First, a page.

Although authorities would not officially disclose the nature of the planned attacks, government sources said they included threats against American embassies on three continents, a U.S. military base in Europe and American cargo ships passing through the straits of Gibraltar.
It also remained unclear how many of the threats were against specific sites inside the United States. But federal authorities noted that it was the interrogation of a key al-Qaida operative that ultimately led to the arrest last year of Jose Padilla, the so-called "dirty bomber" who allegedly was scouting fresh attack targets in the United States.
The disclosure about the planned attacks came in a legal declaration filed by Vice Admiral Lowell Jacoby, director of the Defense Intelligence Agency.
His nine-page affidavit was used by government prosecutors to detail how important the interrogations have become, and to argue against a federal judge's ruling last month that Padilla be allowed to meet with his lawyer.
According to the CIA, more than 3,000 al-Qaida operatives and associates have been detained in more than 100 countries since the Sept. 11 attacks. CIA Director George Tenet said recently that the United States had developed "a trove of information we're using to press the hunt further."
U.S. intelligence officials said their most valuable information has come from senior al-Qaida operatives in custody, particularly Abu Zubaydah, a top Osama bin Laden lieutenant captured in Pakistan last year.
"One Abu Zubaydah is worth a ton of guys at Gitmo," the U.S. intelligence official said, contrasting him with the 630 al-Qaida and Taliban suspects detained at the U.S base at Guantánamo Bay, Cuba.
International commission blasts ruling on legal rights
GENEVA — An international group of jurists yesterday criticized a U.S. court for handing President Bush what it called "sweeping" approval to deprive U.S. prisoners accused of terrorism of basic legal rights.
Wednesday's ruling by a federal appeals court in a case involved American-born Yaser Esam Hamdi, who was arrested in Afghanistan in 2001 while fighting for the Taliban. The United States has labeled him an enemy combatant and detained him without access to a lawyer and without being charged.
"The court determined that basic human rights, as provided under the U.S. Constitution, may not be invoked by an 'enemy combatant.' This decision has no basis in international law," the International Commission of Jurists said.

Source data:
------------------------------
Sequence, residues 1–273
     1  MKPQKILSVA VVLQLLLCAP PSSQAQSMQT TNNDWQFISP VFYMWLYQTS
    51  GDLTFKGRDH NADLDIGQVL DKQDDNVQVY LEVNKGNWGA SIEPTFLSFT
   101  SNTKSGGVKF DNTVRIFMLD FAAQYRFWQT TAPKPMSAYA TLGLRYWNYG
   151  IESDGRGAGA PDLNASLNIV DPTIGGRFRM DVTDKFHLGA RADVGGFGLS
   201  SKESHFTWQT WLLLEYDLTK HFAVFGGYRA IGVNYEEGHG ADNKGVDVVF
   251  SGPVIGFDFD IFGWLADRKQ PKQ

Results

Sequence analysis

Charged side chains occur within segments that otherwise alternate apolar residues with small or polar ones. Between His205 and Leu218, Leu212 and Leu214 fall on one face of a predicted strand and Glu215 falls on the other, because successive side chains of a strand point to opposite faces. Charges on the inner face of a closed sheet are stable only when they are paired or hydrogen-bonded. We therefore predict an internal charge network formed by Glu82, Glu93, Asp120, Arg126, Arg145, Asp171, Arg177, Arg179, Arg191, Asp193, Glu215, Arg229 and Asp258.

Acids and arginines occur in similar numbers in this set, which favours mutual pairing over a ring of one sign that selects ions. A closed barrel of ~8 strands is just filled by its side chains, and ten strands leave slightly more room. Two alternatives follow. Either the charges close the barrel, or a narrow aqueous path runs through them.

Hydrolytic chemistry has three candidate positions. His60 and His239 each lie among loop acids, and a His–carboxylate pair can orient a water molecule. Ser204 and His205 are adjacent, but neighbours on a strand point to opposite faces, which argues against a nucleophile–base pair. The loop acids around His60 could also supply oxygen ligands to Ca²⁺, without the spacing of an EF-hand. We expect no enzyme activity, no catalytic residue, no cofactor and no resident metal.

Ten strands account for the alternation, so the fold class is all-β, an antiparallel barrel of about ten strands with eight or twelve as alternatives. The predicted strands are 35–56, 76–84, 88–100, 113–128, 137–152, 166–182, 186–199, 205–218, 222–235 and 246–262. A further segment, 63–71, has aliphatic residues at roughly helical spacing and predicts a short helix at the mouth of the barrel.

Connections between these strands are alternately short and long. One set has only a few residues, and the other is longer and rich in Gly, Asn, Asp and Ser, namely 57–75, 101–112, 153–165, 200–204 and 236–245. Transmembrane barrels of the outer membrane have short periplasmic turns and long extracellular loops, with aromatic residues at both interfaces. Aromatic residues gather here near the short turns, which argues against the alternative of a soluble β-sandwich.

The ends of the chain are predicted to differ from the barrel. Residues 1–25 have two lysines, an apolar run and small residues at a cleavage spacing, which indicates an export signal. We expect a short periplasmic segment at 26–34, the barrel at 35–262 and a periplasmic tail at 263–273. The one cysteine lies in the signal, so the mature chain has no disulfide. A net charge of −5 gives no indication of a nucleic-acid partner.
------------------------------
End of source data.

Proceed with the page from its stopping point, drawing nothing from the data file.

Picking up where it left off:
"While a government may limit certain human rights during states of emergency, the court here is allowing the government to do so in a wholesale and sweeping fashion, without meaningful judicial review," it said. "Even under a state of emergency, which the United States has not in any event declared, certain rights remain inviolable."
The International Commission of Jurists is a Geneva-based organization composed of 60 eminent international jurists.
Paris airport baggage handler cleared of stashing weapons
PARIS — A baggage handler arrested after police found a stash of weapons and explosives in his car at Paris' main international airport was cleared of wrongdoing yesterday and released.
Abderazak Besseghir, 27, a French citizen of Algerian origin, was arrested Dec. 28 after he was allegedly seen handling a gun in a parking lot at Roissy-Charles de Gaulle airport, where he worked.
Besseghir insisted all along that he was innocent, and that he was being framed by the family of his late wife, Louisa, who died in a fire last summer.
The witness who reported seeing Besseghir with the gun and alerted police has confessed to planting weapons and explosives in his car, judicial officials said.
Faysal Galab, 26, one of six men charged with being part of a terrorist sleeper cell in western New York, pleaded guilty yesterday to supporting al-Qaida by attending one of its training camps in Afghanistan before the Sept. 11 attacks. ... Mohammed Ali Hassan Sheik al Mujahed, suspected of being responsible for al-Qaida's logistics in Yemen, was arrested yesterday in Frankfurt by German authorities acting on a U.S. request. ... Leroy "Rich" Richmond, 58, a Virginia postal worker who contracted inhalation anthrax while working at Washington's central postal plant in 2001, has field a $100 million suit against U.S. Postmaster General John Potter and two other postal managers for allegedly failing to close his workplace swiftly after the deadly substance was discovered. Richmond has not returned to work and two friends and co-workers died. ... The FBI yesterday issued an advisory on the dangers of ricin, a deadly toxin found this week during a raid on suspected Algerian militants in London. The FBI said it wasn't warning of any known threat involving ricin, but noted that it could be used to contaminate heating or air-conditioning systems, drinking water, lakes and rivers, although it is most effectively delivered by "injection or food contaminant."